By Tim Rollins
This article was originally published in May 2023 and has been recently updated in light of recent progress made towards its passage by the Indian Parliament.
On November 18, 2022, the Union Ministry of Electronics and Information Technology (MeitY) released the Digital Personal Data Protection Bill 2022 for public consideration. A drastic revision from its predecessor — the Personal Data Protection Bill of 2021, the new bill proposes a comprehensive data protection regime while easing restrictions on non-personal data collection and cross-border data transfers.
While the new bill is more amenable to businesses in the country, it also levies hefty fines for non-compliance, a clear indicator that organisations need to buckle up and formulate data privacy programs now. These penalties apply to both private sector and government organizations and can result in fines of up to ₹500 crore if authorized by the Data Protection Board constituted under the bill. Individuals will also have the right to seek details about their data collection, storage and processing once the law is implemented.
Currently, data protection in India is governed by the Security Practices and Procedures and Sensitive Personal Data or Information 2011 and the Information Technology Act 2008. But the Digital Personal Data Protection Bill, once enacted, will have significant implications for virtually all organisations operating in India. Thousands of recommendations around the bill were suggested during various stages of public comment, but only a few changes have been made from its introduction last year.
Many companies will be challenged with transitioning from complying with SPDI Rules to the new and more complex law. For many companies in India, aligning business processes with the proposed legislation requires new enterprise infrastructure and radical changes to processes. But one thing is certain: Businesses need to follow four crucial steps to establish a comprehensive, legally defensible data protection programme to comply with the new law. And the glue binding it together is technology that leverages AI and deep learning.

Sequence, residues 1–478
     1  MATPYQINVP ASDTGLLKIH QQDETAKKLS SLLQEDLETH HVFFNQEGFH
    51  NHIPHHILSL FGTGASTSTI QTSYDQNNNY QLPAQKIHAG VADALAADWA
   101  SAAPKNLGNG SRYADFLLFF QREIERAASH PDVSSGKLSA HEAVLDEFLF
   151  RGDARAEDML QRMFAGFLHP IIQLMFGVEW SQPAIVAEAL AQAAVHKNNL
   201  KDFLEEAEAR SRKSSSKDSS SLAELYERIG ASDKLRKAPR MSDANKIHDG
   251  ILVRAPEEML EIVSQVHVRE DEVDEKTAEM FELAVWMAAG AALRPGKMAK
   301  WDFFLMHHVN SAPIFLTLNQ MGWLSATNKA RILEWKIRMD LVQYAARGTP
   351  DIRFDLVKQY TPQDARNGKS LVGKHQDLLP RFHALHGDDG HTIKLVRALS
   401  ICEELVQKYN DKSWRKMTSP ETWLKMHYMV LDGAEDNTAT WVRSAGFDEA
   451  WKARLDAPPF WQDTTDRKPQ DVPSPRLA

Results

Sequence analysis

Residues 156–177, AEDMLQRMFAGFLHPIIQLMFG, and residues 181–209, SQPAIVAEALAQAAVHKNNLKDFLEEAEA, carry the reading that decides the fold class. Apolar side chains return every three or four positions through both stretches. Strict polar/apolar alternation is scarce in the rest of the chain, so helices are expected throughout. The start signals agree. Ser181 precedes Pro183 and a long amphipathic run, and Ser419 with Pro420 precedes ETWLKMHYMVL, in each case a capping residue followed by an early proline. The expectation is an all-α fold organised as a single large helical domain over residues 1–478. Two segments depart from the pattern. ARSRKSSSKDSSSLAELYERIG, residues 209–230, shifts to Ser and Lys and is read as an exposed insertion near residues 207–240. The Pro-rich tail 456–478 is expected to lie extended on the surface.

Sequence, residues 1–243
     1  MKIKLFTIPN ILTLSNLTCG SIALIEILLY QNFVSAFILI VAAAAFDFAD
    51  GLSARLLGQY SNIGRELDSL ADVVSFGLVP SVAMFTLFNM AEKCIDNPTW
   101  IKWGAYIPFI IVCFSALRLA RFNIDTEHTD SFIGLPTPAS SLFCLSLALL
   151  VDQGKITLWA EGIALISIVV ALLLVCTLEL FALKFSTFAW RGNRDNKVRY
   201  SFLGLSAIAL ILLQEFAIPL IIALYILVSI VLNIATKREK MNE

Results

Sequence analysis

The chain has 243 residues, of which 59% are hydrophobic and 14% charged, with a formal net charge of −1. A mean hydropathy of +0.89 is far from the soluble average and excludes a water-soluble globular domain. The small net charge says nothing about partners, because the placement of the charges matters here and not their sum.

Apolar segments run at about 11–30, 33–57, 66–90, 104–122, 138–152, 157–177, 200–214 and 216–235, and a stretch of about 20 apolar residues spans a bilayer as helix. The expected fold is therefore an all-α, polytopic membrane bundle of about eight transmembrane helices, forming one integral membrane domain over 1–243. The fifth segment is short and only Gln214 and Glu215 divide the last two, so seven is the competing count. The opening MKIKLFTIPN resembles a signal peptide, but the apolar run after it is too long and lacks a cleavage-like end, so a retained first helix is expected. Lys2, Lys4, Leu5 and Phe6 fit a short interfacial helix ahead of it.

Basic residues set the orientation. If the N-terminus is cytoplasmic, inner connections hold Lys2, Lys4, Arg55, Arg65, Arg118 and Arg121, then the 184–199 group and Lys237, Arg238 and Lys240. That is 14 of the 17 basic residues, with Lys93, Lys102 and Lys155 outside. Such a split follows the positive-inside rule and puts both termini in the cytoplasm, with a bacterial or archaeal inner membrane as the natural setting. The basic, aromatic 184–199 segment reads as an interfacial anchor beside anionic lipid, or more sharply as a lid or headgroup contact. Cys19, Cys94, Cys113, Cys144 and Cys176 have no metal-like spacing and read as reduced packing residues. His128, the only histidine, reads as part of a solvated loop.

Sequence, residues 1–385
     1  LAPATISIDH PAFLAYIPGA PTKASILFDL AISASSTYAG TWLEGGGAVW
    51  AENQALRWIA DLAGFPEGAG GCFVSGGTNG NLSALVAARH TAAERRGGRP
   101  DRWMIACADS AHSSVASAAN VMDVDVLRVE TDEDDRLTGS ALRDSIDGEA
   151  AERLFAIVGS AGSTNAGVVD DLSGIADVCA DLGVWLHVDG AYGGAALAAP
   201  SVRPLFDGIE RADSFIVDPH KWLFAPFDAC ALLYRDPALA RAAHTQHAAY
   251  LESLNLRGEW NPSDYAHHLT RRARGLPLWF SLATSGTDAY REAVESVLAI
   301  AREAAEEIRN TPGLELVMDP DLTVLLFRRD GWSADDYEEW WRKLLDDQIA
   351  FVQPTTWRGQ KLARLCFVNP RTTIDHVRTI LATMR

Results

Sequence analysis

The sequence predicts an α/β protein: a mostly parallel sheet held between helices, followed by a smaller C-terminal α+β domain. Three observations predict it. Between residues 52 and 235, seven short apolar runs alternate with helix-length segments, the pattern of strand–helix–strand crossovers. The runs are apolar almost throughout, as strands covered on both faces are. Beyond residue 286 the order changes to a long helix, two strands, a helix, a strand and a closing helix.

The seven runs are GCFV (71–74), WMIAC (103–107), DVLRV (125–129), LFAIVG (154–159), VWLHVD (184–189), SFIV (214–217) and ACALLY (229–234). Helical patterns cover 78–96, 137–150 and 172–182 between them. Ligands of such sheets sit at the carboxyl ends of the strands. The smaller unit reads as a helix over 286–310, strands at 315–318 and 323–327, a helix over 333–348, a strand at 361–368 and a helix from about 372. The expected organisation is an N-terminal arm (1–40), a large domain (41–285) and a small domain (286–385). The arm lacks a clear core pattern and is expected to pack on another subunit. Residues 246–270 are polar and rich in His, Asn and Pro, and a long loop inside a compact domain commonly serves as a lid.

Step 1: Maintain a defensible data inventory
If you don’t know where your data lives, who has access to it, and who in your organisation is responsible for it, it becomes impossible to comply with regulatory mechanisms. For instance, the Digital Data Protection Bill calls for “every data fiduciary (businesses) to have in place a procedure and effective mechanisms to redress the grievances of data principles (its customers).”
For organisations to effectively address the grievances related to customer data, they must have an effective inventory of data that resides across departments, in one centralised repository. This is next to impossible for organisations with large amounts of data without the right technology to ease processes. More importantly, because of the growth in the amount of data held over the last years, the problem gets worse if the data is not inventoried. With tools that are easy to configure and scale, organisations can create a legally-defensible data inventory that provides a roadmap to meet compliance obligations, identify existing vulnerabilities, and demonstrate accountability.
Step 2: Manage data subject access requests
The Digital Data Protection Bill fleshes out specific rights of customers to access information about their personal data. In addition, the legislation calls for organisations to have data pertaining to each subject in one place as each individual is entitled to receive a “summary of the personal data that has been processed by the data fiduciary and with whom the personal data has been shared along with all categories.” Without a defensible data inventory, such subject access requests would take an inordinate amount of time to process, which would be in direct violation of the law.
This is why businesses in India need a robust system that can handle the intake of the request, verify the individual or entity’s ID accurately, and also collect, review, and redact necessary information. Since the new legislation governs employee data too, businesses require tech stacks that can access employee data, requiring integrations with HR systems to ensure that employee records are correctly retained. When technology harmonises data deletion requests with other legal obligations and compliance mechanisms, the process becomes easier.